Malcolm Connolly, managing director and co-founder, Cyberhawk Innovations, describes how ROAVs can be used to make inspection easier, safer and cheaper

There is often a requirement at industrial processing sites to visually and thermally inspect tall or inaccessible structures. This can be expensive, time consuming, and also potentially dangerous, as it involves personnel working at height (one of the main sources of industrial accidents) or working near hot surfaces.

With this in mind, Cyberhawk has introduced a method of inspection that is easier, safer and less expensive than traditional methods. Using Remotely Operated Aerial Vehicles (ROAVs), Cyberhawk are able to access tall and hard-to-reach structures. The ROAVs use HD?video and HD still cameras to visually inspect assets – the images can be used for maintenance and repair. The vehicles can also be equipped with thermal imaging cameras. Placing visual and thermal images side by side increases the ability to ‘fault find’ and identify suspect equipment.

Because the assets can be inspected ‘live’, the plant does not need to be shutdown, which means faulty components can be pre-ordered, or the shutdown can be deferred to a more convenient time.

As an example, Cyberhawk recently completed a thermal inspection of steel chimney ducting at a large UK refinery. Suspecting refractory damage within the ducting, the end customer wanted to confirm the extent of the problem in order that component parts could be ordered in advance of a planned shutdown. Over a few hours Cyberhawk captured thermal and visual images of the ducting from all angles, identifying problem areas. This meant delivery uncertainty could be removed from the turnaround project timeline and the extra cost of urgently shipping critical replacement parts was avoided.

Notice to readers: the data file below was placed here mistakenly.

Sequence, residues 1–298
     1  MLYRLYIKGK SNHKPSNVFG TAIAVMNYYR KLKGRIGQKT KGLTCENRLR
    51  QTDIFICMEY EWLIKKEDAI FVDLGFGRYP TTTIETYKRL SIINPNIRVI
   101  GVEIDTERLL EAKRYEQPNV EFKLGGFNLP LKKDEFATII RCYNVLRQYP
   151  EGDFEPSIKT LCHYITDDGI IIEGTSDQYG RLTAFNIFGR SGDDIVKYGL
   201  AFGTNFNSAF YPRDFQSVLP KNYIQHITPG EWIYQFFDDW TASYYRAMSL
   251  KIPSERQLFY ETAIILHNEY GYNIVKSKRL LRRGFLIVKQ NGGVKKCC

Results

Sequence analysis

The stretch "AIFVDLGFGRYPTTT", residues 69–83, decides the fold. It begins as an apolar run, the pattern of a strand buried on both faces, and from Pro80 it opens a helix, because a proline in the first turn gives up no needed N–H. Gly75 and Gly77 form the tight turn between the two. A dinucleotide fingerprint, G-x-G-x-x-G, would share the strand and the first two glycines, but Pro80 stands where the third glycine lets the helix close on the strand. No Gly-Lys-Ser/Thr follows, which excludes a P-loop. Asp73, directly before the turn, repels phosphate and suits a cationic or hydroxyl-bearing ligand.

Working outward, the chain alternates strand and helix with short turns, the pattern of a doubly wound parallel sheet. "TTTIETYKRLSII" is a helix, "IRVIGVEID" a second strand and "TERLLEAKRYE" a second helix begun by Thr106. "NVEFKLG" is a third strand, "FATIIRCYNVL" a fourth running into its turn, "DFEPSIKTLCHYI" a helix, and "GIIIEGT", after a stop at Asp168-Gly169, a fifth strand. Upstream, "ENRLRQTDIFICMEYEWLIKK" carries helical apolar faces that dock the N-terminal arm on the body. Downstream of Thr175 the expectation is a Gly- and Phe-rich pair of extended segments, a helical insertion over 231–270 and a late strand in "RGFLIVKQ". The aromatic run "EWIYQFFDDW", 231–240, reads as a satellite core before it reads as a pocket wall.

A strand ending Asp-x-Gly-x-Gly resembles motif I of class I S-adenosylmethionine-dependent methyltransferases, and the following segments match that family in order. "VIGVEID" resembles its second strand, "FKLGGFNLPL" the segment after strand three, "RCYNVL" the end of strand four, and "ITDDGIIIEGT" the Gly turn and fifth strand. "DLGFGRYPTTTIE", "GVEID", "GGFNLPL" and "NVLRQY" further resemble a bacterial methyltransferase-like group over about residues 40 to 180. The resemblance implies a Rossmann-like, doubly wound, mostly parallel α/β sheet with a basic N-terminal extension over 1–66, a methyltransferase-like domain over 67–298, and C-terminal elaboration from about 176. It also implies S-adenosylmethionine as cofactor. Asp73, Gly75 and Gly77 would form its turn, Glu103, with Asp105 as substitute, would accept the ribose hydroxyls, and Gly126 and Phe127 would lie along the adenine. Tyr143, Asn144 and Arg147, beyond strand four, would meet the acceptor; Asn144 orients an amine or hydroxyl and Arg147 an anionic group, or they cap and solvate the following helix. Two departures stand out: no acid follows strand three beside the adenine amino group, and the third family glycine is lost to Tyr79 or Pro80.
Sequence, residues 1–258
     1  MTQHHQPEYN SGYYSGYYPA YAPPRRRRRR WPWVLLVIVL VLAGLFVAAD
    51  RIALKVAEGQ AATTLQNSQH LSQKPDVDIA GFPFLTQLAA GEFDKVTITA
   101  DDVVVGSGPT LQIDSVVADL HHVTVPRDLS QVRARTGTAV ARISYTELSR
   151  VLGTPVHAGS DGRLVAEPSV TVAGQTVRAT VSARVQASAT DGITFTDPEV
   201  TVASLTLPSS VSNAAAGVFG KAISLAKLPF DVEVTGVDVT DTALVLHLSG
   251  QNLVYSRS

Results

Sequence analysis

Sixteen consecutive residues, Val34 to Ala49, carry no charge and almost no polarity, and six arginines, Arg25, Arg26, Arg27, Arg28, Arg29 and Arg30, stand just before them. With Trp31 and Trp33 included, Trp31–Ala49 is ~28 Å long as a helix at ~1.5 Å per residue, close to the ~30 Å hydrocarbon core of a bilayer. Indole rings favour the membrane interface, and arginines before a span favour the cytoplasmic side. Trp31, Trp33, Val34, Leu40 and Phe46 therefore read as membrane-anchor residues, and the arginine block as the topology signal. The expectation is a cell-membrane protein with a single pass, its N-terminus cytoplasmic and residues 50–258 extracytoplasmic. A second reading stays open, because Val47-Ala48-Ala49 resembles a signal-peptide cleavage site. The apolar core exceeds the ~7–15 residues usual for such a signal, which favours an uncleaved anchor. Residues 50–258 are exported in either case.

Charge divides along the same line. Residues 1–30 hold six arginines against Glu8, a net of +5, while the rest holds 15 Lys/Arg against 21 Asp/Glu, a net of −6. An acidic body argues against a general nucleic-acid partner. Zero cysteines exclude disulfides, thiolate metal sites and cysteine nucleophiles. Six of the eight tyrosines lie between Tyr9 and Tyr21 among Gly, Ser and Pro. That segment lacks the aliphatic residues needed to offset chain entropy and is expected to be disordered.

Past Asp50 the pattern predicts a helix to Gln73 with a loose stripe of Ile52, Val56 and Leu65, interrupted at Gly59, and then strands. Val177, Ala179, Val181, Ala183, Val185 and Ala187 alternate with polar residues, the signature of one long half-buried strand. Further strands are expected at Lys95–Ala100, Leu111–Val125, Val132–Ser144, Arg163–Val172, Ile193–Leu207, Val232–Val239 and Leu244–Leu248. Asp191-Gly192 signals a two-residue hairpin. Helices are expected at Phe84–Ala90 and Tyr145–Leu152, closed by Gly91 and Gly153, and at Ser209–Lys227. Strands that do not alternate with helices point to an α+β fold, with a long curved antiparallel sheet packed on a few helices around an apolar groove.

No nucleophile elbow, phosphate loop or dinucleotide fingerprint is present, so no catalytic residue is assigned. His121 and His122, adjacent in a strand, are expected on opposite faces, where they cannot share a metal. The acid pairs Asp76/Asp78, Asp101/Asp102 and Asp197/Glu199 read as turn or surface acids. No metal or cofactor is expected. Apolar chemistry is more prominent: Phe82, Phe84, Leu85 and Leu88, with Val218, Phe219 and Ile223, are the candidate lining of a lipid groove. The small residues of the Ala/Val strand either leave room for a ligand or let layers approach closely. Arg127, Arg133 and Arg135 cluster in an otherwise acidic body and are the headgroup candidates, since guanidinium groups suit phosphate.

Another benefit of the technology is that more regular inspection allows faster identification of minor defects before they become major hazards.

The Cyberhawk ROAV is small and lightweight and can be positioned with great accuracy. GPS positioning technology means that the exact image can be accurately repeated if necessary, which offers advantages for long term condition monitoring. The ROAV is battery powered so is quiet in operation. It is a legal requirement that ROAVs are operated by experienced personnel.